IF A screenwriter walked into a Hollywood pitch meeting today with a fictional story that resembled that of South Boston crime kingpin James “Whitey” Bulger, they’d be politely informed it was too preposterous. In the mid-1970s Bulger was a small-time gangster involved in drugs, extortion and murder, a serious guy who’d done some hard time – stints in Leavensworth and Alcatraz – but hardly someone with the clout to seize control of a criminal underworld run at that time by the Mafia. That clout came via a secret deal made with the FBI to inform on his Mafia competition – a deal he exploited to take control of the streets and swagger around “Southie” immune from prosecution, helping old ladies with their shopping one minute, committing murder the next.
So far, so Jack Nicholson in The Departed, but the incredulous-seeming dramatic stakes of Bulger’s story are amped up further by the fact that his brother, Billy Bulger, was a senator and the most powerful politician in the state of Massachusetts, and also by the fact that John Connolly, the star FBI agent who brought Whitey into the fold, had grown up with the Bulgers and subsequently found himself too seduced by the mystique Whitey cultivated for himself to enforce the law properly.
“And then you’d say: ‘And he won the lottery?’” says Scott Cooper, whose new film Black Mass, which stars Johnny Depp, tells Whitey’s story in decidedly sombre, unglamorous fashion.
Oh yeah: and he “won” $14 million on the lottery.
“You can’t make this stuff up,” continues Cooper. “Truth is often stranger than fiction, but this was also Shakespearean. I was so compelled to tell the story because I was so compelled by Whitey Bulger’s mystique. When I lived in New York, it filtered down from Boston, and then he was arrested [in 2011] a couple of miles from where I live in Los Angeles. I followed his trial and all these dark secrets were unearthed.”
Having directed Jeff Bridges to an Oscar with his debut feature Crazy Heart and infused his second feature Into The Furnace, starring Christian Bale, with a seriousness of purpose that echoed the socially aware American cinema of the 1970s, Cooper seems like a natural fit to make a gangster film set in that era. As it happens, though, this was precisely the reason he hesitated when first offered the film.
“My hesitations were actually two-fold,” he says. “Fair or not, whenever you make a film in the crime genre inevitably you get compared to some of the greatest films ever made in America.” He runs off a list that includes The Godfather, The Godfather Part II and Goodfellas. “It’s only my third film so I didn’t feel that was too fair. And I didn’t want to make a gangster picture either. I wanted to make a humanistic look at a monstrous set of events that took an emotional toll on the city of Boston.”
At the heart of the film – the thing that really distinguishes it – is Depp’s performance as Whitey. Gaunt and grey-skinnned, receding hair slicked back, eyes icy and blue, he moves through the film like a vampire, seducing those around him and sucking the life out of the city. It’s unlike anything he’s done before. “He never has been this dark. Never,” says Cooper. “That’s why I wanted to work with him so closely. He plays very empathetic characters. He also happens to be a very gentle man and what you see on screen is the opposite. We knew that he would make that physical transformation. But it was that psychological and emotional transformation for him that was so mesmerising.”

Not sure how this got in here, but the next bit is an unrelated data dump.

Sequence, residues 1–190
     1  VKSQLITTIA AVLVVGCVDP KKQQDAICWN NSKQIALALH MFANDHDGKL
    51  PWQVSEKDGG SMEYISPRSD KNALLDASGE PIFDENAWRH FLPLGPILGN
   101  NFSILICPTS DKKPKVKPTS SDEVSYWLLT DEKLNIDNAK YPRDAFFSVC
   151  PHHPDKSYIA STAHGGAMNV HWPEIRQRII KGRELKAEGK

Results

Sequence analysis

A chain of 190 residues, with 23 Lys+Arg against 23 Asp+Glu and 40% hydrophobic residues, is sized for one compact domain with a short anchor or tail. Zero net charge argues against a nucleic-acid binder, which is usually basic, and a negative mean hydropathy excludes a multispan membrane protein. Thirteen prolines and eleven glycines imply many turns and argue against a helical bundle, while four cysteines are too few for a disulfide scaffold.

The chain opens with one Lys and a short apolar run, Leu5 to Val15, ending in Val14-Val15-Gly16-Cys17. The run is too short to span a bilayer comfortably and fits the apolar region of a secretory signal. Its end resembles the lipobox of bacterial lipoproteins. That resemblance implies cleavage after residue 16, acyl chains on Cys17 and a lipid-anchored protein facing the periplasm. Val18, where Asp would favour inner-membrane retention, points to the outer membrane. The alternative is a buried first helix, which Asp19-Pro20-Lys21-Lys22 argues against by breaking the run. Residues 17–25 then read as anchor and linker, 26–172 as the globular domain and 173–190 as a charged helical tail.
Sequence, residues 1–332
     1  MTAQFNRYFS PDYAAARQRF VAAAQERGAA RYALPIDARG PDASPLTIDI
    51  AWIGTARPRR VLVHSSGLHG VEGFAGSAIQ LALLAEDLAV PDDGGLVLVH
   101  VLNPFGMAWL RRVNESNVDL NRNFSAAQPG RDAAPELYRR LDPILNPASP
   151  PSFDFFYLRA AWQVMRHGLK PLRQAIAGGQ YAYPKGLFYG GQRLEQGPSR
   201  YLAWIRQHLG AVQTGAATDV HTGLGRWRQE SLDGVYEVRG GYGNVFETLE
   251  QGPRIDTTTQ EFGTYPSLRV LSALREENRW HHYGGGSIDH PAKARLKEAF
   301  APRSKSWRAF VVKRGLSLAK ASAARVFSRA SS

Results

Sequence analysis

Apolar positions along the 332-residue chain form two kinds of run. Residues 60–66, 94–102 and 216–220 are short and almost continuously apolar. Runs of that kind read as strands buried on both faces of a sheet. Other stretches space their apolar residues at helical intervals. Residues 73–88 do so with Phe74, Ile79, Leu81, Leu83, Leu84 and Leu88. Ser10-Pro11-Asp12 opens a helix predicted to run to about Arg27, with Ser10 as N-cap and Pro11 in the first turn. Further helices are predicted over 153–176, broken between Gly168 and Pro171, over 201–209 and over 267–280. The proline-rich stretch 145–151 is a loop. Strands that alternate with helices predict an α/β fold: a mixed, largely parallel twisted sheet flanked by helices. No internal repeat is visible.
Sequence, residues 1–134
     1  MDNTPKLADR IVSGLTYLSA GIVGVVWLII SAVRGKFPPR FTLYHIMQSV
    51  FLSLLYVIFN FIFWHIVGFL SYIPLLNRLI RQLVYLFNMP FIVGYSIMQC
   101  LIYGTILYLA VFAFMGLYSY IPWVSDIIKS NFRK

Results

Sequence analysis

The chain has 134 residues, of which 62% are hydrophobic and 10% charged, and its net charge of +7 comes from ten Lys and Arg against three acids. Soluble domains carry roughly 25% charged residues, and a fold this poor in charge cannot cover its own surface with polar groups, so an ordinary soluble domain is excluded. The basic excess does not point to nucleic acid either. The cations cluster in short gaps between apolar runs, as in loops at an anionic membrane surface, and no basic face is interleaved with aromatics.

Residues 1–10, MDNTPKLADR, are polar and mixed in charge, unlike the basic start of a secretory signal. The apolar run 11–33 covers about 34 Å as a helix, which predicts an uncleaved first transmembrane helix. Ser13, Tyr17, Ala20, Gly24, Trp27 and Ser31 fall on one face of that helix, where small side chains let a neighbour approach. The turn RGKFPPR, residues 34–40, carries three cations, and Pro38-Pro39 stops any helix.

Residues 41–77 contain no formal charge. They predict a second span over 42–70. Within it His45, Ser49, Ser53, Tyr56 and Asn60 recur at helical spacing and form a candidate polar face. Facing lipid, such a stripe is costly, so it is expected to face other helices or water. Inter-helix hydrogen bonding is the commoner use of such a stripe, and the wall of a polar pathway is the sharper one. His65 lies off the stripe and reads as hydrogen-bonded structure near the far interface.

Both Depp and Cooper tried to get in touch with the real Whitey Bulger, who at the time of his arrest was number two on the FBI’s most-wanted list. Bulger had no interest in meeting either of them, though. “Which I understand,” says Cooper. “You’re never going to get anyone perfectly right. I’m basing it all off archival video and photographic imagery from the FBI. I wanted Whitey to be more of a mysterious figure who keeps everybody at arm’s length.”
He had more to go on with Billy Bulger, played in the film by Benedict Cumberbatch, and with John Connolly, played by Australian actor Joel Edgerton. Like Depp, both actors had to grapple with the difficult Boston accent with its dropped consonants and strange inflections. Edgerton may have the edge on Cumberbatch in terms of sounding – as Depp does – like he came from Southie, but as Cooper points out, Billy Bulger didn’t have the same accent as his brother. “Whitey’s accent was a little more blue collar, Billy’s was almost Kennedy-esque and patrician. He wore his erudition on his sleeve. Benedict spent a lot of time studying it over and over on video footage. It was remarkable how they both nailed it.”
What is clear is that those who know Boston and know the Bulgers and Connolly have praised Black Mass for its accuracy. Boston crime novelist Dennis Lehane (Gone Baby Gone, The Drop) and New York City Police Commissioner William Bratton (who was a Boston cop in the 1970s and 1980s) have let it be known they’re fans of the film. Then there’s William Friedkin. Having met Whitey Bulger a couple of times (he shot his 1978 film The Brink’s Job in Boston) and known Connolly well enough to serve as a character witness in his subsequent trial, the man who helped usher in a new era of filmmaking with The French Connection and The Exorcist recently told a clearly delighted Cooper that he got the characters and the performances just right. “When those guys tell you you’ve got it right,” says Cooper, “it’s pretty gratifying.”
• Black Mass is on general release from Friday